For Christ’s sake. Is there a question marking after the “chilling and killing my Annabel Lee” line that I’m forgetting? How many awkward pauses can you throw in there? Why don’t you finish the fucking poem? (Admittedly, they didn’t start at the beginning. But we’re really going to stop one stanza away from the end? Really?)

People, I am not great at reciting poetry; I’m just not. Then again, I don’t get paid for it, either. If you’re going to recite “Annabel Lee,” (or really anything by Edgar Allan Poe) it really needs to sound like this:

6. Also — who gets turned on by your lover reading your own poetry to you? Isn’t that just fantastically, egotistically weird? I mean, I don’t write a whole lot of love poetry, tragic or otherwise, but if I did, I absolutely would not want a man to read it back to me in hopes of getting some make-out time. Yuck.

(By the by, apparently the funniest thing about this movie was my reaction to the poetry, at least according to my friends. Kirsten likened it to “attempting to melt into the floor.” It seemed as good of a survival method as any other.)

7. I wouldn’t dream of trying to mock every historical inaccuracy — actually, from what I can tell, some things were almost clever. (That is to say, they could have been clever in more skilled hands.) But three points:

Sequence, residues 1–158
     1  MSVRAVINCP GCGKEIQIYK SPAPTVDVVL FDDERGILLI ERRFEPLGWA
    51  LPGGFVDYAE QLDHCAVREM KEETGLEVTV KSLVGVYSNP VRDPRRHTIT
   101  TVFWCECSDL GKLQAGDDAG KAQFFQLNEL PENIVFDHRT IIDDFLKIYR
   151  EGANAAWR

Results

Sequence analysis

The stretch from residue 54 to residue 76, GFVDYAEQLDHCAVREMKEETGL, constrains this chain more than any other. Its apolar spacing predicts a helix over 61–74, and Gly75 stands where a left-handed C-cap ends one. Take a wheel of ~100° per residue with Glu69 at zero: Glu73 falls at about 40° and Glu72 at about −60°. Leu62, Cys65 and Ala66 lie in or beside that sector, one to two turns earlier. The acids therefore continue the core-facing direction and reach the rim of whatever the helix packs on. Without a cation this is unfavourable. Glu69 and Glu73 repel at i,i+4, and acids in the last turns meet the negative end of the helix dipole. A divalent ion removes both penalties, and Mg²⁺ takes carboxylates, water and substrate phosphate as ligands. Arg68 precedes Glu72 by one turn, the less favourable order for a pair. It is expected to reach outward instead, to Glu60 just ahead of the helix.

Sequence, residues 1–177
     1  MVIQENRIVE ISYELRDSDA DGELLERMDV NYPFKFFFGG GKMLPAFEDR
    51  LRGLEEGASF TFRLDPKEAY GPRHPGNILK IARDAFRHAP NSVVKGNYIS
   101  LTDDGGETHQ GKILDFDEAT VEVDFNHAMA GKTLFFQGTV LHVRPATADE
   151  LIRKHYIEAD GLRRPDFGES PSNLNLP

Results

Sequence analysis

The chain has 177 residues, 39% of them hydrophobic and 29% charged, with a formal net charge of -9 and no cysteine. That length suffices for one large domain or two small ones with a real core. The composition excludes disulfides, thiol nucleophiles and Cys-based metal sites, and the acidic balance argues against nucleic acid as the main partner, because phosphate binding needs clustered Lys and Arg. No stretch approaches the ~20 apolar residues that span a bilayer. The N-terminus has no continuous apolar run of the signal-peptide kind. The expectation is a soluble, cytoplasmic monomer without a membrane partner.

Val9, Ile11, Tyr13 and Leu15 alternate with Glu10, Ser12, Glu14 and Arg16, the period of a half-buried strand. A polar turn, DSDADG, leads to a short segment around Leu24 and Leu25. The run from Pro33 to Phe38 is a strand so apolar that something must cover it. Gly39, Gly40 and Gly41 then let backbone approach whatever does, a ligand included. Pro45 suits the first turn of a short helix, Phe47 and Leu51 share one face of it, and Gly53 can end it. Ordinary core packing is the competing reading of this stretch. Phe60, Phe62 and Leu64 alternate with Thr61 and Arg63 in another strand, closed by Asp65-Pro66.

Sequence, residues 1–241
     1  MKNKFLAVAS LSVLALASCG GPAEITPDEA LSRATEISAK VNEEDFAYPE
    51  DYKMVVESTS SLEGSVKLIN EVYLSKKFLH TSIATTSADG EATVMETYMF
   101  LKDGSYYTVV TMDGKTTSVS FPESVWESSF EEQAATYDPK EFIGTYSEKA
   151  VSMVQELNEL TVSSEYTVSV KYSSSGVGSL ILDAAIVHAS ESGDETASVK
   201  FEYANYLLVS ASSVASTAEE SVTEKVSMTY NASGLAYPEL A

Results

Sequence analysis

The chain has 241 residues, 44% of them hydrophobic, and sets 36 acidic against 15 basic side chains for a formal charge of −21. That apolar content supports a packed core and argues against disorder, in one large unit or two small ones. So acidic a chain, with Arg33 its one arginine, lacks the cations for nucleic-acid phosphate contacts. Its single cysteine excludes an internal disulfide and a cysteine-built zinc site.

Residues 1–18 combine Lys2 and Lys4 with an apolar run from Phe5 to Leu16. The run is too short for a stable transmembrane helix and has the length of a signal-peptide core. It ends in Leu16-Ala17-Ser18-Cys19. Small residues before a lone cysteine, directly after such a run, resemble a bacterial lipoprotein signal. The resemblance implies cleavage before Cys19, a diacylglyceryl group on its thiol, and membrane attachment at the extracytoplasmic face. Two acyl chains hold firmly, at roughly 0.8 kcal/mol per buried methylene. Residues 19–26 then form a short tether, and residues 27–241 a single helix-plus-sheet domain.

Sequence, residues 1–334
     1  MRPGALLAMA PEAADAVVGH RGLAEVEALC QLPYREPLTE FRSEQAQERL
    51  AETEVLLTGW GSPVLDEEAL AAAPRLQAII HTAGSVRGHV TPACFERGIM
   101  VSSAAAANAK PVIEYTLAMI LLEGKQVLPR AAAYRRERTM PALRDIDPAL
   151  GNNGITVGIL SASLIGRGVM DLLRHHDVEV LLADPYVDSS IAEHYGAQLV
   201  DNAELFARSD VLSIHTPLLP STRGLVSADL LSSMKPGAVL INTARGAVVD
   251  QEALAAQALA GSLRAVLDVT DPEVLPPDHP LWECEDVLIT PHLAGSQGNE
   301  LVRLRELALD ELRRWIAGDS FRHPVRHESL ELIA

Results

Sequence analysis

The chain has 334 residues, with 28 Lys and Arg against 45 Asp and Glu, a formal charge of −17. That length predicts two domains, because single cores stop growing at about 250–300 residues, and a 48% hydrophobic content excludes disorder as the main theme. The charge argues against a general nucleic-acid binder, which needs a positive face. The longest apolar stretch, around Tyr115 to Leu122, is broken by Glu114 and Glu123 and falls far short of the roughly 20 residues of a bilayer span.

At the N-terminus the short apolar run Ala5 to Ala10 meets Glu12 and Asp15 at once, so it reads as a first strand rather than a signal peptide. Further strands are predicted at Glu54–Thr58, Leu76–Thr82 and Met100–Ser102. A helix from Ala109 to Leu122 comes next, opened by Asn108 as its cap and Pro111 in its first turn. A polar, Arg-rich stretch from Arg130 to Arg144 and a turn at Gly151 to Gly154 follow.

7A. One of the victims in the movie, Rufus Griswold, was actually a critic who was still alive at the time of Poe’s death. From what Wikipedia tells me, Griswold wrote a pretty scathing and tasteless obituary of Poe, presumably to get the public to shun or otherwise ignore his work. Clearly, the strategy backfired.

I’m of two minds about this. On one hand, it does kind of amuse me that the writers took time to get back at a literary critic who’s been dead for about 150 years. On the other, if they were mad at him for making Poe look bad — well, I can’t say they helped make him look much better. Seriously, the guy just swipes another dude’s drink because John Bates wouldn’t serve him free booze, and I’m supposed to . . . what? Feel sorry for him? Edgar Allan Poe is not exactly likable in this movie.

7B. Less of an inaccuracy and more of a . . . shall we say reluctance to give all the facts? The film makes sure to mention Poe’s first wife who tragically died of tuberculosis. It quite fails to mention that his wife was also his cousin, and that she was thirteen when he married her. (Different times, I know, but he was 27 at the time . . . I think even then that was a bit of a controversy.)

7C. The Raven begins like so:

“On October 27th, 1849, Edgar Allan Poe was found, near death, on a park bench in Baltimore, Maryland.

The last days of his life remain a mystery.”